Christmas Eve

Christmas Eve & Christmas Day 2014

 

Hadlow & Golden Green

 

 

Readings: Hebrews 1:1-12 & John 1:1-14

 

 

Well. at the risk of starting with the obvious, Merry Christmas to you one and all! There have been times during December when I was not sure we would make it all the way to Christmas but God has been gracious to us and we are here to celebrate the mystery of God being born amongst us as one of us in order to save us.

 

But before we talk about the wonders of God being born in the person of Jesus I just want to take a little diversion into the world of television, which I hope may be useful in some small way.

 

Does anyone here watch a program on Channel 4 called “The Secret Millionaire?” For those of you who have not the program works something like this:

 

The producers choose a person who, surprise surprise, is a millionaire and who is willing to go undercover for a week and live amongst poor people pretending to be a poor person. During that week in addition to coping with life in dodgy accommodation and with little money they are introduced to a number of ‘deserving causes’, whether it is individuals or small struggling charities. At the end of the week the millionaire chooses which of the deserving causes they are going to give money to, reveals to the amazement of all that they are not poor after all and either writes out large cheques or does not depending on their choices and experiences during the week under cover. They then return to their previous life feeling good about themselves and, hopefully, some good has been spread around at the margins of society.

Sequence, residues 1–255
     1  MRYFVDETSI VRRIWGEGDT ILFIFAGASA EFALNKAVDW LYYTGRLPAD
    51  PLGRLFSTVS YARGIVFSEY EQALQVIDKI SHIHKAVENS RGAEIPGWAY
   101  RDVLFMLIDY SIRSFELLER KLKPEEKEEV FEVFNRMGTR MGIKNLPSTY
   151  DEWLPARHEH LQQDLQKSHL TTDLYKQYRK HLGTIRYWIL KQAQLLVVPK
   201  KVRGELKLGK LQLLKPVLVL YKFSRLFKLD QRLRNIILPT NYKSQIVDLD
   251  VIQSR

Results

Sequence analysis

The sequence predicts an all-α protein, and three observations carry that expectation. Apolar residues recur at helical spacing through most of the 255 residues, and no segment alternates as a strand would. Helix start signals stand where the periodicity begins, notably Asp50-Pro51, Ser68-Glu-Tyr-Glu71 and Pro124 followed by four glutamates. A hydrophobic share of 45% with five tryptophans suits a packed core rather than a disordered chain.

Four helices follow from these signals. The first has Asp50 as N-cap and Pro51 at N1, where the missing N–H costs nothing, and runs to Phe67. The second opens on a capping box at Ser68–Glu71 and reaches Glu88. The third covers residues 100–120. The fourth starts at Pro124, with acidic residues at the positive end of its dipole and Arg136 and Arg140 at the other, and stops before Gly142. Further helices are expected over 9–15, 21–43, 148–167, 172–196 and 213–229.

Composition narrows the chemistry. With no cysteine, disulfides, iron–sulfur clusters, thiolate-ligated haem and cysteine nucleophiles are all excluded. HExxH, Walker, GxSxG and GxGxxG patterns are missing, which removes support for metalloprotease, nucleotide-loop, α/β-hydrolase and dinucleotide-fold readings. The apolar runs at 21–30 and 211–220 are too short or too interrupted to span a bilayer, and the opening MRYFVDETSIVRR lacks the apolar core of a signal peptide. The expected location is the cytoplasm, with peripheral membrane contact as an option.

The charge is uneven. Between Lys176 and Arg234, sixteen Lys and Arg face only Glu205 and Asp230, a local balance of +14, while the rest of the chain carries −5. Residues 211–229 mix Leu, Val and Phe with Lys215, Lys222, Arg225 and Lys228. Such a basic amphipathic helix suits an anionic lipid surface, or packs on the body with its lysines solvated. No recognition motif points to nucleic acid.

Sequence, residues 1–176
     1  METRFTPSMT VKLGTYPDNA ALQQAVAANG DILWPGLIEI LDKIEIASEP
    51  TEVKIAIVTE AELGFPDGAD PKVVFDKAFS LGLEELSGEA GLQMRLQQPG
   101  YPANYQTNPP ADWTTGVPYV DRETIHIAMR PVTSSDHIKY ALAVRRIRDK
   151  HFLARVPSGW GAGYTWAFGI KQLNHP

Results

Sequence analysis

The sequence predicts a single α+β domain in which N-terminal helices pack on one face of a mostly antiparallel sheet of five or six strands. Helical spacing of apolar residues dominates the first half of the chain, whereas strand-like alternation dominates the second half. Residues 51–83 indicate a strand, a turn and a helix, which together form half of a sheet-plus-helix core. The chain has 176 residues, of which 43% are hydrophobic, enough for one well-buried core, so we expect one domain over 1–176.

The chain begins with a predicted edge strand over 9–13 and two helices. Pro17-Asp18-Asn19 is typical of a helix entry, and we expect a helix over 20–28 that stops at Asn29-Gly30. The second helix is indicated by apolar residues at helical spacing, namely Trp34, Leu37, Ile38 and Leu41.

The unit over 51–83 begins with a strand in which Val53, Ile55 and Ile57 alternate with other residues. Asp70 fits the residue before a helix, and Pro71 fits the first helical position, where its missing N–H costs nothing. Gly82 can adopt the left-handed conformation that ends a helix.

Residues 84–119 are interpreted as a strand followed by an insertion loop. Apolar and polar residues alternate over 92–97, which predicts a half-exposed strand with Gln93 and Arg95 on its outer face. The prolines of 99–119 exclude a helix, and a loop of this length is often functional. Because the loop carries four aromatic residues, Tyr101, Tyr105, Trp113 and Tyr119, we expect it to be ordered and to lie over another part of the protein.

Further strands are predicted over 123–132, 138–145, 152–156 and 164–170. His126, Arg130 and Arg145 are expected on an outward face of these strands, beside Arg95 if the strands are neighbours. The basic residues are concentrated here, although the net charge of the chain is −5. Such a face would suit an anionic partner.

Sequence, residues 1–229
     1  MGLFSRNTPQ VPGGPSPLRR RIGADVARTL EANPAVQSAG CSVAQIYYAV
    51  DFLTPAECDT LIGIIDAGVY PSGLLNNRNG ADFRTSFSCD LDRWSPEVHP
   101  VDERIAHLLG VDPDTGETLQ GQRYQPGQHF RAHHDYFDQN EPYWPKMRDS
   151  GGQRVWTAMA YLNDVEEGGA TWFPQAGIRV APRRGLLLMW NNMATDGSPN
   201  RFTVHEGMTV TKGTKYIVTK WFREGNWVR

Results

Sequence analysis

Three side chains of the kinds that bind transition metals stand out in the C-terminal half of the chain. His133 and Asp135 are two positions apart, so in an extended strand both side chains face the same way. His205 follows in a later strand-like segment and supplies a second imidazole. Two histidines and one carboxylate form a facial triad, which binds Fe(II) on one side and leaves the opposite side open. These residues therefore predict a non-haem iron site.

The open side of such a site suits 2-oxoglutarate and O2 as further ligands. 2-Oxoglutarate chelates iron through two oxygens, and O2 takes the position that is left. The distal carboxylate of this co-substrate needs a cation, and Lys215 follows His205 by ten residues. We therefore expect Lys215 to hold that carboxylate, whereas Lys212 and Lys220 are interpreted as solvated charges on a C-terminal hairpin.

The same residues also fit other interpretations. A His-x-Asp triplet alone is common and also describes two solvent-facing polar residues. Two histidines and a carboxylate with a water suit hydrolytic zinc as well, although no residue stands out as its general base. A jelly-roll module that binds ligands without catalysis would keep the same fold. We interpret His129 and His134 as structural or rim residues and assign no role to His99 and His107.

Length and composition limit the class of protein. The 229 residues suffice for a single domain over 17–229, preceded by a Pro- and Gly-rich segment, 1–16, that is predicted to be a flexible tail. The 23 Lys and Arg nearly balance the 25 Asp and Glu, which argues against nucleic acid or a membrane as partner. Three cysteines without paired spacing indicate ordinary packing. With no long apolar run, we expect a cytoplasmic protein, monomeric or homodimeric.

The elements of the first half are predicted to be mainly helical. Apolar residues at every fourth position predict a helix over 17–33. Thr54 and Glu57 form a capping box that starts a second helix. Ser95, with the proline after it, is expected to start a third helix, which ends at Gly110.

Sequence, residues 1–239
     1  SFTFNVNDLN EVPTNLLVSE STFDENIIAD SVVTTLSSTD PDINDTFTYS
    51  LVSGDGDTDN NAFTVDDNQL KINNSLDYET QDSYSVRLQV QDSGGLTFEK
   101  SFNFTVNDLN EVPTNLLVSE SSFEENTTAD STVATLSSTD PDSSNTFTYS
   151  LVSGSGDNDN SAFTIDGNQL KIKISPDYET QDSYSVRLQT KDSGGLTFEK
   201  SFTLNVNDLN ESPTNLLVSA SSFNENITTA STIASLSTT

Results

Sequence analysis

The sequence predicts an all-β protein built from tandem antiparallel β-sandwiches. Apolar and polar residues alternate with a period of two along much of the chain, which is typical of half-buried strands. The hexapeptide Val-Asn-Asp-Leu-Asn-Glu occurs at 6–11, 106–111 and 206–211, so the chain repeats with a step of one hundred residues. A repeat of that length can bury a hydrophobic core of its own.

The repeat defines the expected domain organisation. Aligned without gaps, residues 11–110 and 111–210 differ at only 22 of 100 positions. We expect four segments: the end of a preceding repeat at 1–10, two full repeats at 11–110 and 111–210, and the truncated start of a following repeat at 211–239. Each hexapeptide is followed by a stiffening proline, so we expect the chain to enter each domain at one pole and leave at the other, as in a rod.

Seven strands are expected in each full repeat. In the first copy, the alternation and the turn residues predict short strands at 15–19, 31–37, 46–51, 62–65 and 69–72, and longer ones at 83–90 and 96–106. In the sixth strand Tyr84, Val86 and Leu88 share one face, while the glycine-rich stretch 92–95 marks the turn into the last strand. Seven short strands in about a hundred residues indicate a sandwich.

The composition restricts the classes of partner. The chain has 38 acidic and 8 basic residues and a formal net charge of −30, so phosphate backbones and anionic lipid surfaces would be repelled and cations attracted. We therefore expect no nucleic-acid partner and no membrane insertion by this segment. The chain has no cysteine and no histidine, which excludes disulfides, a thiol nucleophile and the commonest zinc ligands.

Each episode follows a very similar pattern but I want to talk briefly about one in which the Millionaire in question was called Gary Eastwood.

 

Now Gary is the MD of a succesful scrap metal company based in Sittingbourne and he is, what you might call, a real character. If the Mitchell brothers from Eastenders had an older, bigger and harder brother it would be Gary. He is a self-made millionaire, who was told by his granddad that “where there is muck there is brass” and he started his business with a £100 loan. The company is now worth £20 million and Gary is surrounded with all the trappings money can buy.

 

However there was a substantial amount of tragedy in Gary’s background as he had lost both of his sisters to alcohol and drug abuse and he felt guilty that he had been unable to save them. In any event he felt called to put some of his money back to help the poorest parts of society and he agreed to go undercover in Blackpool. But this was not the Blackpool of twinkling lights and holiday fun, this was the Blackpool of long term unemployment, drug abuse, homelessness and everything else that urban decay can produce.

 

When Gary got over the shock of the small handful of fivers that he had to survive on all week and the terrible state of his rented room he went out and about to meet some potential deserving causes. And there were plenty to choose from and, at times, Gary seemed overwhelmed at the sheer amount of misery around him, all of which was deserving of better than it had. He said words to the effect: “You want to help everyone but you can’t.” And of course he couldn’t; even had he decided to give away £20 million pounds it would do little to relieve long term poverty even in that one town. So Gary had to make hard choices and after a week of pretending to be an unemployed scrap metal worker Gary revealed his true identity and wrote out cheques totalling £50,000 to support a children’s respite care home, a drop in centre for the long term unemployed and for some ex-servicemen’s charities as he had adopted, or been adopted by, an old Royal Marine who reminded him of his granddad.   Gary then returned to his nice house in Kent determined to be a better husband and father.